Siliconomas are pseudotumors formed by infiltration of tissues by silicone and the consequent granulomatous reaction. They may be due to direct infiltration of silicones or from rupture of a breast prosthesis; in both instances, the histological characteristics of the granulomatous reaction are similar.
Histologically, silicones are observed, partly, as deposits of an extracellular exogenous material that does not stain in Hematoxylin Eosin-histologic sections. They have a variable diameter, with well-defined and refringent edges, sometimes with an acidophilic hyaline membrane. This is surrounded by an histiocytic granulomatous reaction, the histiocytes have microvacuoles in their cytoplasm, which is the other way in which silicones are observed in tissues. Microvacuoles are also refringent, which differentiates them from the lipophagic histiocytes observed in adipose tissue necrosis. The granulomatous reaction of siliconomas frequently includes multinucleated giant cells, also with silicone microvacuoles; in some cases, asteroid bodies, similar to those seen in sarcoidosis, are observed within the vacuoles.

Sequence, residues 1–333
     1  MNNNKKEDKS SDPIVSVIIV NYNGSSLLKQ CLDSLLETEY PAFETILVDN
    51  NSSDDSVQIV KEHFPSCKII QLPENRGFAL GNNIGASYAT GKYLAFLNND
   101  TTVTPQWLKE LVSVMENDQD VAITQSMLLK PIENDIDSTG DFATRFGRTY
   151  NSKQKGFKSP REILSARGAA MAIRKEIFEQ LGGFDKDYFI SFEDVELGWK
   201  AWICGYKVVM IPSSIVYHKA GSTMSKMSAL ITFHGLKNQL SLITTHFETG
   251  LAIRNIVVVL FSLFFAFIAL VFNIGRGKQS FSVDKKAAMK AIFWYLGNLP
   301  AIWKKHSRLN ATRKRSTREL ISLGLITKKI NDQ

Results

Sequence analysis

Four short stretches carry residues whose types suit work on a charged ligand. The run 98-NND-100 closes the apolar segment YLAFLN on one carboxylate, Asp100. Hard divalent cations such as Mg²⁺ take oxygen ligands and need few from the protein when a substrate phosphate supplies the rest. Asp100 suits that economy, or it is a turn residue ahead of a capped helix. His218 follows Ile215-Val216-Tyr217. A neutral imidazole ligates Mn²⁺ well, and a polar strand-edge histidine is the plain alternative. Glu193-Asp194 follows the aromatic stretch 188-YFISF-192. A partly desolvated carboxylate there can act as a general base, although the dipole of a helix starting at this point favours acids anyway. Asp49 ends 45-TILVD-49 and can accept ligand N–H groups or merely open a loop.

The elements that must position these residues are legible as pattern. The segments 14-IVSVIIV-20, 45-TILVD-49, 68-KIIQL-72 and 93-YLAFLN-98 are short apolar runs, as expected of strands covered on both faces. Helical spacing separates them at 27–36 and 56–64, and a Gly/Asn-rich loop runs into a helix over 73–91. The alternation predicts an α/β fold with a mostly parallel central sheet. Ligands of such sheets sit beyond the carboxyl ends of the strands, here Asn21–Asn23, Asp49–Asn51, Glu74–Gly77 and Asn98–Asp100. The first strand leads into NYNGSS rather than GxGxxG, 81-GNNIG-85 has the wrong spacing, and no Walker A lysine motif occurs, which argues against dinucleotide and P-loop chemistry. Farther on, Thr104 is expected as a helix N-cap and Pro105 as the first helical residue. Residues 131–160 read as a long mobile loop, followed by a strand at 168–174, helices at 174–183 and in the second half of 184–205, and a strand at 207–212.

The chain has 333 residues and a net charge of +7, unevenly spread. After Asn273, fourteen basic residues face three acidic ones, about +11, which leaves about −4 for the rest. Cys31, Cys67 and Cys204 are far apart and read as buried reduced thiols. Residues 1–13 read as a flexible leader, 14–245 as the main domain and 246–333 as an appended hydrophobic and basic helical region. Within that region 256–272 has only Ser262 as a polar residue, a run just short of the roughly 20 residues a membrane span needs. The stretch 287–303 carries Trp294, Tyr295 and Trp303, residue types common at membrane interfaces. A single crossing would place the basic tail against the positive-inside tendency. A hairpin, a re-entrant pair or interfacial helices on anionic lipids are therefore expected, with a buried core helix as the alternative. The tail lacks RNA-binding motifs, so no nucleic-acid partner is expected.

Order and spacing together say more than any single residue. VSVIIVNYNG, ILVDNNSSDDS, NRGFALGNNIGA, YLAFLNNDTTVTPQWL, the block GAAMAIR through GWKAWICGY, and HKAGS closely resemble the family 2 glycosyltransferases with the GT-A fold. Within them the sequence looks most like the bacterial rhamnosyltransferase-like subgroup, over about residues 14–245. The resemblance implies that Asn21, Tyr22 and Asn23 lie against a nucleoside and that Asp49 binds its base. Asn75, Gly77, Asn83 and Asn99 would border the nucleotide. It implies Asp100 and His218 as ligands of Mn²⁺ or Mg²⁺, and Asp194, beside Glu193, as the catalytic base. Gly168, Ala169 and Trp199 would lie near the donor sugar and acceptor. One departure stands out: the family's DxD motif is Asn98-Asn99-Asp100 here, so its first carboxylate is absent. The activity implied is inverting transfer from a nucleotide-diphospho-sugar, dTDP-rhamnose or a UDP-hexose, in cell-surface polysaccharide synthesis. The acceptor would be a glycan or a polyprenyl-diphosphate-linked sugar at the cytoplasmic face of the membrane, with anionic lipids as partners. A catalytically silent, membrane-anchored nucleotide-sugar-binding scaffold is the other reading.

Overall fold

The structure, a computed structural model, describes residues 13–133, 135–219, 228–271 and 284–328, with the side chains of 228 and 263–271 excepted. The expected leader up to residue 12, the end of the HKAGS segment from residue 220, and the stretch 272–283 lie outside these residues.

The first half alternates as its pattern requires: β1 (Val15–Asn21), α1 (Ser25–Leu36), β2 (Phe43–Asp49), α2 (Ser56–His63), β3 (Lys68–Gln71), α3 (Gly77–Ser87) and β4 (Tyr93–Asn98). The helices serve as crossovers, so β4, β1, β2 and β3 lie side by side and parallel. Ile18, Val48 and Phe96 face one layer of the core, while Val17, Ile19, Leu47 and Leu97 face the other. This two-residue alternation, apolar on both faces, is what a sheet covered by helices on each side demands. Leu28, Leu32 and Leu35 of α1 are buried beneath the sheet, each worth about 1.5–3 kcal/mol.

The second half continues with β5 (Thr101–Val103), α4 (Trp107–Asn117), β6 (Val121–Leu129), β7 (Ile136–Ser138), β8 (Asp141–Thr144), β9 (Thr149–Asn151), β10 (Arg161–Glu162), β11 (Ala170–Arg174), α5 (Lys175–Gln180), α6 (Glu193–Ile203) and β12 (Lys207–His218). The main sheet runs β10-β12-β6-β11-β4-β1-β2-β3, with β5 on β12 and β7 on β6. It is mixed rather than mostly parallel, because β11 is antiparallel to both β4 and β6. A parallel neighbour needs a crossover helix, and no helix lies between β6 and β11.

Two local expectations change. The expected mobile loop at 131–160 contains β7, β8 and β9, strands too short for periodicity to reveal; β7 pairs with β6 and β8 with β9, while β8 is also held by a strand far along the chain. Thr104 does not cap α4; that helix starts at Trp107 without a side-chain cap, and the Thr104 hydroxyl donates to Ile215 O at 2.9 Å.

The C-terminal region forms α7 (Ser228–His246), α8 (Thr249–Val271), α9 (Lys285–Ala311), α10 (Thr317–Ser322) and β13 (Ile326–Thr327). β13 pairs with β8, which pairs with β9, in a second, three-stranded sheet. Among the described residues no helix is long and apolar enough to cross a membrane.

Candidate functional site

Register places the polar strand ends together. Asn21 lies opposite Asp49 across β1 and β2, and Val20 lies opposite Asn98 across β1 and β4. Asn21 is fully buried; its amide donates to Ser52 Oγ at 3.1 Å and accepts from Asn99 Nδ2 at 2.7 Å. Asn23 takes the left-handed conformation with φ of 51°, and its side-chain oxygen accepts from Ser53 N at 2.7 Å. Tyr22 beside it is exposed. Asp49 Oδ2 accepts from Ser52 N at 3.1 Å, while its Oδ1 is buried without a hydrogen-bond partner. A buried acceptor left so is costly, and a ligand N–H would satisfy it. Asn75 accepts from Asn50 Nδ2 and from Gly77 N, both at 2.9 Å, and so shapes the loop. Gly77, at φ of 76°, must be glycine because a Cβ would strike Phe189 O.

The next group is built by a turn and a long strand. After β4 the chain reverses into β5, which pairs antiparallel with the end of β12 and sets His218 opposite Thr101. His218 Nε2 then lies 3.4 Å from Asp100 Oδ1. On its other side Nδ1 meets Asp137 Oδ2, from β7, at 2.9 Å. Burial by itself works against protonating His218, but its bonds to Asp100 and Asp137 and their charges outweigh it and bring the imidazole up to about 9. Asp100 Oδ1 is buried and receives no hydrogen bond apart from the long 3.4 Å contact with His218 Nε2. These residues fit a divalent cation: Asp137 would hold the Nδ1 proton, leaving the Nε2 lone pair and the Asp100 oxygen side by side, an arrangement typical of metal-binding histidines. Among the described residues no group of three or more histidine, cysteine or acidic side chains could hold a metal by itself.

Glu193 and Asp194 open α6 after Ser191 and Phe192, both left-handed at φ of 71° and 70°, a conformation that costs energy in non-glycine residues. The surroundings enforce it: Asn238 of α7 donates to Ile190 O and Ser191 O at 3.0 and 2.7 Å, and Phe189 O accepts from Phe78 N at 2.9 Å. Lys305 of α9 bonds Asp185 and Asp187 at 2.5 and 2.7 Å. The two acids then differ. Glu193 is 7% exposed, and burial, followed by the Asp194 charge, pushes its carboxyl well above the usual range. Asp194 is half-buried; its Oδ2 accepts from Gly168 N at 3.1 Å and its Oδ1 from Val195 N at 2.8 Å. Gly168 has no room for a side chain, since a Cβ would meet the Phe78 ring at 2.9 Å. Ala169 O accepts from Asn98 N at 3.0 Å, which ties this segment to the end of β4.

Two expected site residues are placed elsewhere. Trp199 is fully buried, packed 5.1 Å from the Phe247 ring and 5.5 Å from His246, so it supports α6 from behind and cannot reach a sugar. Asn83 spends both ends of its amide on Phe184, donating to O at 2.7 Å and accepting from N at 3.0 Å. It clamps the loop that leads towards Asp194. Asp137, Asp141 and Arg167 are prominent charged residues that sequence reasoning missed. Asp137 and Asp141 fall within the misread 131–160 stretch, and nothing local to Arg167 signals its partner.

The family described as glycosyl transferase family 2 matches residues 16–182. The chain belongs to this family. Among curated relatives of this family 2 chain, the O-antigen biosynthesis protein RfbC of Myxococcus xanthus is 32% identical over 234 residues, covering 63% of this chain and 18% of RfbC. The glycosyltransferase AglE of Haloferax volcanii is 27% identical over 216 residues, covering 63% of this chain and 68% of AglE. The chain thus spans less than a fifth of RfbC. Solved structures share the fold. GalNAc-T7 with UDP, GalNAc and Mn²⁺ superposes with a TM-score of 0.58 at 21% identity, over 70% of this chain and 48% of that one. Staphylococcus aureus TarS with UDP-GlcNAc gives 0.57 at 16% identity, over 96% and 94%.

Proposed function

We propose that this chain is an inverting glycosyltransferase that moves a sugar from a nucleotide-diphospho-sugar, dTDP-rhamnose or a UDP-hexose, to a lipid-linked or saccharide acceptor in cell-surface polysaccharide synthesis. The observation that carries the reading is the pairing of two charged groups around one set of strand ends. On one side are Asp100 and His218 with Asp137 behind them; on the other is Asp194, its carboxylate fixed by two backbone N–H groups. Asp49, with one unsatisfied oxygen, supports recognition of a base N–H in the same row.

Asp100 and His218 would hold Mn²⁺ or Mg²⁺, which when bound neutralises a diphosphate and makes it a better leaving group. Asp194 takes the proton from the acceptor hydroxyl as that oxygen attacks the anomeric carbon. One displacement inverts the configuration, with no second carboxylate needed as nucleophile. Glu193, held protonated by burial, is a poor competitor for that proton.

We now present a case of a siliconoma, formed after the direct injection of liquid silicone, within which a carcinoma developed. We believe that these images, of a carcinoma infiltrating a siliconoma, are unique, since we have been unable to find any others similar to this in the medical literature.
Filtration of silicone Histology Anatomic pathology Immune response Infiltrating carcinoma Reaction of autoimmunity
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